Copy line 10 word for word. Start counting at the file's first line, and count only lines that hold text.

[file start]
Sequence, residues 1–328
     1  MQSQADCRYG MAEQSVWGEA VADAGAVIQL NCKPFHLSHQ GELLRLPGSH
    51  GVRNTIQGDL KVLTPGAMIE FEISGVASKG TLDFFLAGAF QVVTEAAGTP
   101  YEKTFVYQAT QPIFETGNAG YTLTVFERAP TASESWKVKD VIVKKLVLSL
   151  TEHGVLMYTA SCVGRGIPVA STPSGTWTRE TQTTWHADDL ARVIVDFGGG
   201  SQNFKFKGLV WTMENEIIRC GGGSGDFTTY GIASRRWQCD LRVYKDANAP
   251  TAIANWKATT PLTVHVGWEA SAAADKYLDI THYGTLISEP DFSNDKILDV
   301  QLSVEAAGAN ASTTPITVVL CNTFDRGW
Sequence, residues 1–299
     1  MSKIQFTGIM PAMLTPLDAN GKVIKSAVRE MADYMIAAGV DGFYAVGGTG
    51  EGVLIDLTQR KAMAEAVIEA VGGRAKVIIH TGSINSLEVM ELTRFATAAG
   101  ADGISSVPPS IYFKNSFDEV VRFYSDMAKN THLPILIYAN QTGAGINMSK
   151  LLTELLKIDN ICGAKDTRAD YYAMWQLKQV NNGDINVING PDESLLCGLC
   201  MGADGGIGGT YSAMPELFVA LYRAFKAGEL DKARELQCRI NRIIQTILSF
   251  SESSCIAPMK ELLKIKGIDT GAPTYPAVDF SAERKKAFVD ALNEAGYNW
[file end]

     1  MSKIQFTGIM PAMLTPLDAN GKVIKSAVRE MADYMIAAGV DGFYAVGGTG